Granted, this was in the hospital, but I sort of had a similar experience with the second of the two lactation consultants I met with when Dominick was born. They can be extremely helpful though, so don’t think this is an overall appearance with them! I had one superb lady who helped us out and I hope others have a good experience as well.

And we’re back…
When I would start to get the said advice and questions about what I would do as a parent, I began to back off from going places and avoid certain situations so I didn’t have to hear it. It wasn’t fun either because I would avoid seeing friends and family for the sole fact that I didn’t want the pressure of what the next “you have to do this” or “are you breastfeeding?” questions from them. And truly, I wanted to be with them, but the pressure made it feel like too much and still can at times.

You start to learn how to deflect situations and discussions though. That might be a new hidden talent we discover as moms, I’m not sure.

Guess what? No matter what you are told and suggested to do, it is YOUR child.

Whatever you do and choose is the RIGHT choice.

I’ll admit I’m guilty of doing what I am telling you I hate. I caught myself telling a prego friend of mine advice and had to stop myself. I remembered I didn’t want that when I was expecting so maybe she didn’t either. She did thank me later for all of what we discussed, but I still question if I overstepped and made her cringe inside like I had.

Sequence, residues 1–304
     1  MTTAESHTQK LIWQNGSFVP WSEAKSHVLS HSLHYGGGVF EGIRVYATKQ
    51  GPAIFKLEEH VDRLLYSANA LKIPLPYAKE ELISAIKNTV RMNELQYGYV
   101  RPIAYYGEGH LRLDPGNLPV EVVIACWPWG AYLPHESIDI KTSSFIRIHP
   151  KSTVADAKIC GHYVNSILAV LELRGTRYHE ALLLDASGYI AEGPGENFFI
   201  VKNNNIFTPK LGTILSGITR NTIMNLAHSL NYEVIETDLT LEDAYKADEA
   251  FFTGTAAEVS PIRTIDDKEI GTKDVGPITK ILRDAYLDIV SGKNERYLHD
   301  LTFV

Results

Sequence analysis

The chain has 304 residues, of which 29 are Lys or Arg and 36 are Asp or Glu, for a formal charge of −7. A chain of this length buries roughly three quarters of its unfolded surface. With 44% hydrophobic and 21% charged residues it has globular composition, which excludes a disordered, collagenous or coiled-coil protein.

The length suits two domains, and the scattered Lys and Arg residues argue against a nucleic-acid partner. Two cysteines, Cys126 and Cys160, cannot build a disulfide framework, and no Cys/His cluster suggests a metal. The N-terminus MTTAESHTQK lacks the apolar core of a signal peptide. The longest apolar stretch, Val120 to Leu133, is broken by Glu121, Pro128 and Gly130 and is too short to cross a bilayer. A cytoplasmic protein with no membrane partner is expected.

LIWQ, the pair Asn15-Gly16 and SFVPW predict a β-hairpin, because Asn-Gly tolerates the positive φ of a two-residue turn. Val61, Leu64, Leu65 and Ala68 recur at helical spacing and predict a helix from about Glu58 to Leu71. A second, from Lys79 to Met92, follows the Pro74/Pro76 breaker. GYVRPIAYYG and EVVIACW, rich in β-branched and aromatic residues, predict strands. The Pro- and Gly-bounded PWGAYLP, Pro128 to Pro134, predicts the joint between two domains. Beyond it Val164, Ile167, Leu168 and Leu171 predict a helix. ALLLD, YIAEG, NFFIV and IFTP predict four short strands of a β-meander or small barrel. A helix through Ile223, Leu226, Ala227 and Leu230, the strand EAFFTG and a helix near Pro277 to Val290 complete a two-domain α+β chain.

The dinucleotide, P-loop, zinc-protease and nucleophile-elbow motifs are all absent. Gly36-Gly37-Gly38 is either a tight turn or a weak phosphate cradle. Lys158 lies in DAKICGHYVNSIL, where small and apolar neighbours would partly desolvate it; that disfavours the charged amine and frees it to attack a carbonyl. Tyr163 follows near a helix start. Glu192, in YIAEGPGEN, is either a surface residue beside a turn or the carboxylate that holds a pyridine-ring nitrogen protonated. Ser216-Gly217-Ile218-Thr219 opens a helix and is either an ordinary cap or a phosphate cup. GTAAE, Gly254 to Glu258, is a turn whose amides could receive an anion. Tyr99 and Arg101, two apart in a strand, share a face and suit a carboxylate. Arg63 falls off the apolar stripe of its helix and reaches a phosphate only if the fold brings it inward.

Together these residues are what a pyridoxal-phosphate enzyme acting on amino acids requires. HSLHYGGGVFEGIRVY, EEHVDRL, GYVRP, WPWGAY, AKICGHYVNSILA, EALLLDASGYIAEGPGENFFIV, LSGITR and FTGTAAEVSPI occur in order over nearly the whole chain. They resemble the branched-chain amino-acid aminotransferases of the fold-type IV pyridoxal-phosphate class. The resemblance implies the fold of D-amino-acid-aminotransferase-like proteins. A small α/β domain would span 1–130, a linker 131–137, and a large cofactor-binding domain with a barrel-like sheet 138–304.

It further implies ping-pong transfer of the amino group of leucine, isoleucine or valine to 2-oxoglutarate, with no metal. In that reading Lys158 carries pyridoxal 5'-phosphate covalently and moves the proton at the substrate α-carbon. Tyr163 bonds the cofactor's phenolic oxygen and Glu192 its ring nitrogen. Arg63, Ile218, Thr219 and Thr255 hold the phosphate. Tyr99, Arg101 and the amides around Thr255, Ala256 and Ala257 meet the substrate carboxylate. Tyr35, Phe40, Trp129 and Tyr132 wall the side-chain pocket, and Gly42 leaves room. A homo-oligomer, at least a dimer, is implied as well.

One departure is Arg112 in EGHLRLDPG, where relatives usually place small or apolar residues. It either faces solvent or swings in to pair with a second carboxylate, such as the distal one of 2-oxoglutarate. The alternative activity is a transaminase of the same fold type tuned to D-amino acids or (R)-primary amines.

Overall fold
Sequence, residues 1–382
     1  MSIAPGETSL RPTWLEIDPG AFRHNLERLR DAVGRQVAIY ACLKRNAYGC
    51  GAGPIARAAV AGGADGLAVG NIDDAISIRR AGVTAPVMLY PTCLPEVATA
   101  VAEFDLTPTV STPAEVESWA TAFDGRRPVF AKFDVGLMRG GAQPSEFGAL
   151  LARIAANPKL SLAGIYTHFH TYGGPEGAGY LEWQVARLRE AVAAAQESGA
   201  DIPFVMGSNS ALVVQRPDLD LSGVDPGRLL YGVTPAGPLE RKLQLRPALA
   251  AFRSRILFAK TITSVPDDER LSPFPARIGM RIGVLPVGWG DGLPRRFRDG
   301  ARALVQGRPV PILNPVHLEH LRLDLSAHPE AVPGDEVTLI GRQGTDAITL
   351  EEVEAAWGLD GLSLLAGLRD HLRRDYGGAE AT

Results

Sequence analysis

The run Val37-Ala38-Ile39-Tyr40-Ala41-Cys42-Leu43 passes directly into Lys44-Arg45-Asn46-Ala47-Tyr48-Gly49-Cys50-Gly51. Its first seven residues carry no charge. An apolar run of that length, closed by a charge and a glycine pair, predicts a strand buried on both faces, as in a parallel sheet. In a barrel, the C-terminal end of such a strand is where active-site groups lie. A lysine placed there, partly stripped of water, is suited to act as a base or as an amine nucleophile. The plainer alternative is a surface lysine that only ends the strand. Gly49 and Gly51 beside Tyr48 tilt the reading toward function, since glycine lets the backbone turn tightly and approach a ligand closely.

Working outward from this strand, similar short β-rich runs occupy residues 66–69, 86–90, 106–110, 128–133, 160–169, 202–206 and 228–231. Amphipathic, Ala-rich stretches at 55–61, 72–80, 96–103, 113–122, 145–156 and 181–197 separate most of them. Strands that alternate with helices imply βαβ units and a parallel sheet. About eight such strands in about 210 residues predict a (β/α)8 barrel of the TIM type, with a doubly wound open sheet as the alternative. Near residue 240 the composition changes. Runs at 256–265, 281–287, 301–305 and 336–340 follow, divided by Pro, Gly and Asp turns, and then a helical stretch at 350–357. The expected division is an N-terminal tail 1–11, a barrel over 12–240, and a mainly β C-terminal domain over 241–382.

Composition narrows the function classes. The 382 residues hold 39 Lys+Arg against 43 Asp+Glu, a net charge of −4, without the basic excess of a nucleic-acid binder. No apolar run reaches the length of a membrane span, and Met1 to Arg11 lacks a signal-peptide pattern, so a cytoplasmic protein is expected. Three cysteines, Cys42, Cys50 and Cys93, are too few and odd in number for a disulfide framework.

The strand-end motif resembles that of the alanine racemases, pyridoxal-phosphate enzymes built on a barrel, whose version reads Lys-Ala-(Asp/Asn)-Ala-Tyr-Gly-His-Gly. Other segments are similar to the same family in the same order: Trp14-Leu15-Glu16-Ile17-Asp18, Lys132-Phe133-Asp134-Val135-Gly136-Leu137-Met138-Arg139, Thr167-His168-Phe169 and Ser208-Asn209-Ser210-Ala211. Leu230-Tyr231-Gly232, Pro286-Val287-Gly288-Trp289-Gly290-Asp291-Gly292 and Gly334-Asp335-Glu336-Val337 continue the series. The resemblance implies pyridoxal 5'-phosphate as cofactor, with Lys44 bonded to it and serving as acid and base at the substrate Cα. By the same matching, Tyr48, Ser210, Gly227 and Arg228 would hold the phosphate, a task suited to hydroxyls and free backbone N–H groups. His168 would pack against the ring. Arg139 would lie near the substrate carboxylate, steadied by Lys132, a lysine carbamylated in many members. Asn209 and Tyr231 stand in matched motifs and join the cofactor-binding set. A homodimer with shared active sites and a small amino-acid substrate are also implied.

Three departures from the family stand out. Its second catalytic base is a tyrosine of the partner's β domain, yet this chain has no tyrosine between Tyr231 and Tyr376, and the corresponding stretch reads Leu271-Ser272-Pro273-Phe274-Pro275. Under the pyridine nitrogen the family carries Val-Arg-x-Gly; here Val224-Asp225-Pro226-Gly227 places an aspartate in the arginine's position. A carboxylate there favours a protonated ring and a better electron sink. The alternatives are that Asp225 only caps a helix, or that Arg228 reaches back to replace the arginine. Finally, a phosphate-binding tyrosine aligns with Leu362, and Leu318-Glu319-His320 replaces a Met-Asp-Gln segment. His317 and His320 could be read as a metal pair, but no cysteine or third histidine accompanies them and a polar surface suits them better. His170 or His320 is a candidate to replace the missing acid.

I can see how some people such as myself do it/did it without thinking because I love to share all I can with other moms or expecting moms, if they want to hear it or ask me about it. However, why does everyone feel like they NEED to PUSH their advice onto you?

It seems that everyone has something to place on your shoulders to think about as if you, as a mom, do not already have a million other things to already worry and think about. A few of the thoughts just in the hospital… Will our nurses be nice? Will delivery be easy or long? Will he cry right away? Can I move well enough to shower after I deliver? Will I get any sleep in the hospital? Will my baby love me and know I’m his mom? How do I know if I’m doing anything right?! Plus a thousand other thoughts in probably a matter of 2 minutes.